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Genetic risk of Alzheimer’s disease: Education provides protection

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Education provides a protective barrier against Alzheimer’s, even for those with a genetic predisposition to it. Image credit: Goroden Koff/Getty Images.
  • New research from Mass General Brigham challenges the idea that genetics is the main factor controlling the risk of Alzheimer’s, especially those who are prone to the early forms of the disease.
  • The study analyzed data from 675 pregnant women PSEN1 E280A a genetic mutation, which often leads to Alzheimer’s symptoms that appear around the age of 49.
  • While those with additional high-risk mutations experience faster cognitive decline, researchers have found that access to higher education can act as a protective factor, slowing the rate of dementia even with strong genetic risk factors.

In a new study, published in Nature Communicationand led by researchers from Massachusetts General Hospital at Harvard Medical School, the authors explain that genetics is only one factor in the risk equation for Alzheimer’s disease, even in forms of the disease with a large genetic component.

Scientists tested the role of genetics and education level in dementia by analyzing data from 675 people with a genetic mutation called PSEN1 E280A, which makes them susceptible to early onset Alzheimer’s disease.

Those with this mutation begin to show symptoms of dementia around age 49.

The researchers found that people with this mutation also had a second mutation that increases the risk – APOE e4 – experienced rapid onset of cognitive decline.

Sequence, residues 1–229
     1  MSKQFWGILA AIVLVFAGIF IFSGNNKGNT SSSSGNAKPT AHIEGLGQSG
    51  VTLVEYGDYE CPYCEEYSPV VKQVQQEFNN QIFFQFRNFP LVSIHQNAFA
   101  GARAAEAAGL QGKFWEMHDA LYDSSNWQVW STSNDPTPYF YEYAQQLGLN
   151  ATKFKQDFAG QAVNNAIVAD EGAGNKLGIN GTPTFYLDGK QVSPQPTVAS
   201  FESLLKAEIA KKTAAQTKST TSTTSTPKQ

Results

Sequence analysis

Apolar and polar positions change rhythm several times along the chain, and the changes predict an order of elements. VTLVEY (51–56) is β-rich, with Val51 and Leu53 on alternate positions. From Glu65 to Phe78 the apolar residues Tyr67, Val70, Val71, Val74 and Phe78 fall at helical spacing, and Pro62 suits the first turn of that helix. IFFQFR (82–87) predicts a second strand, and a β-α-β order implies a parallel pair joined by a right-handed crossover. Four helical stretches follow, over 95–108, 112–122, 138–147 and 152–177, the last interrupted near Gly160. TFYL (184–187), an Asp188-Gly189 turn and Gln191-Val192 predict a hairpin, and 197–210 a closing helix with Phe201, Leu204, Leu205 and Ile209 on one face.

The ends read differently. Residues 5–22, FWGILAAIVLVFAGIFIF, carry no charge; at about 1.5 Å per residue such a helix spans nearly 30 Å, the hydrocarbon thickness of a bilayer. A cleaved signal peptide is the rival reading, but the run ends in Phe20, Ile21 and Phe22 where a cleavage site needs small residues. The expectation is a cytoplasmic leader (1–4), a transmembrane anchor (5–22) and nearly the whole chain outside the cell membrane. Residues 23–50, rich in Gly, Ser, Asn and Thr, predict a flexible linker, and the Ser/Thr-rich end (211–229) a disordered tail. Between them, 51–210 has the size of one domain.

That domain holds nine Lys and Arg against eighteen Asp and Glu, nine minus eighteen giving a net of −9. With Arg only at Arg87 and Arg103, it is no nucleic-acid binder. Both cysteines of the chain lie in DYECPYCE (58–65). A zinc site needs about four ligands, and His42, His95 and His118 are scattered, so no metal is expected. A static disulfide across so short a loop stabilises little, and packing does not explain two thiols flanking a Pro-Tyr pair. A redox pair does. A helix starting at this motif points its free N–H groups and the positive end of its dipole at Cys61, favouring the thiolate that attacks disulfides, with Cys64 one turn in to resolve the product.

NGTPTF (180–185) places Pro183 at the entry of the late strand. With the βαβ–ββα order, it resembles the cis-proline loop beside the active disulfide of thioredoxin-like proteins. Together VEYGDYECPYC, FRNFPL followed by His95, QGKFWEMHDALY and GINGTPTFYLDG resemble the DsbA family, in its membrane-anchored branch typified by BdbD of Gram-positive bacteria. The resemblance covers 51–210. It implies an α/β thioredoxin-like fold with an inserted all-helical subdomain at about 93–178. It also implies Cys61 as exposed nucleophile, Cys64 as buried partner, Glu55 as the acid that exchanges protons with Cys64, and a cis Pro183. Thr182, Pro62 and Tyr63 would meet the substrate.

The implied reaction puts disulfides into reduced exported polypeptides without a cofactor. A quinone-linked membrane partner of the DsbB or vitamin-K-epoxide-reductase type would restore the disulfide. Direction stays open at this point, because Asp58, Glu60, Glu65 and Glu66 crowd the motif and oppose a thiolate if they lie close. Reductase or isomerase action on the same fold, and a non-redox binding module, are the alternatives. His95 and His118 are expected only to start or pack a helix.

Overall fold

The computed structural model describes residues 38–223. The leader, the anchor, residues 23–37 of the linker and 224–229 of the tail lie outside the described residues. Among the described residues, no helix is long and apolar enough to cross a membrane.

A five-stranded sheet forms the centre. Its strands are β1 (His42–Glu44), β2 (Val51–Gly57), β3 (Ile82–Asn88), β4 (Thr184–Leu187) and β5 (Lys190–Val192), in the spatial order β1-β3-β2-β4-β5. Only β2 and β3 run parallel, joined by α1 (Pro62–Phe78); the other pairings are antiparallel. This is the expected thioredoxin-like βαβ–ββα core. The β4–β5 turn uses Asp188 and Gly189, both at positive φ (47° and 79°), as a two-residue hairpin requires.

Conversely, those with protection APOE e2 The change saw a delay in mental symptoms.

The research team also examined how the level of education influenced the cognitive abilities of people who carried the i PSEN1 E280A genetic mutations, including those with different types APOE genetic variation.

Their results suggested that greater educational attainment, or more years of schooling, was associated with better cognitive function, particularly in those at high genetic risk for the disease.

Read first author Dr. Stephanie Langella, a postdoctoral research fellow in the Department of Psychiatry at Massachusetts General Hospital, spoke to her. Medical News Todaystating that “in people with genetically determined Alzheimer’s disease, the onset of health and cognitive impairment is influenced by other genetic factors and years of education.”

“Higher education (years of education) was protective against strong risk factors for Alzheimer’s and may be an important form of brain maintenance for those at genetic risk.”

– Dr. Stephanie Langella

Dr. Yakeel T. Quiroz, an associate professor at Harvard Medical School, a corresponding author of the study, and a clinical neuropsychologist and neuroimaging researcher at the Massachusetts General Hospital, emphasized that having more years of education can act as a defense against cognitive decline, even if it is strong. Genetic predispositions exist.

“Our results show that increasing education may be one way to preserve cognitive function in people at risk of Alzheimer’s disease,” Dr. Quiroz explained.

Even with the added risk from APOE e4the most important genetic risk factor for non-familial Alzheimer’s disease, these results show that the level of education can act as an important factor in mental health in familial forms of Alzheimer’s disease.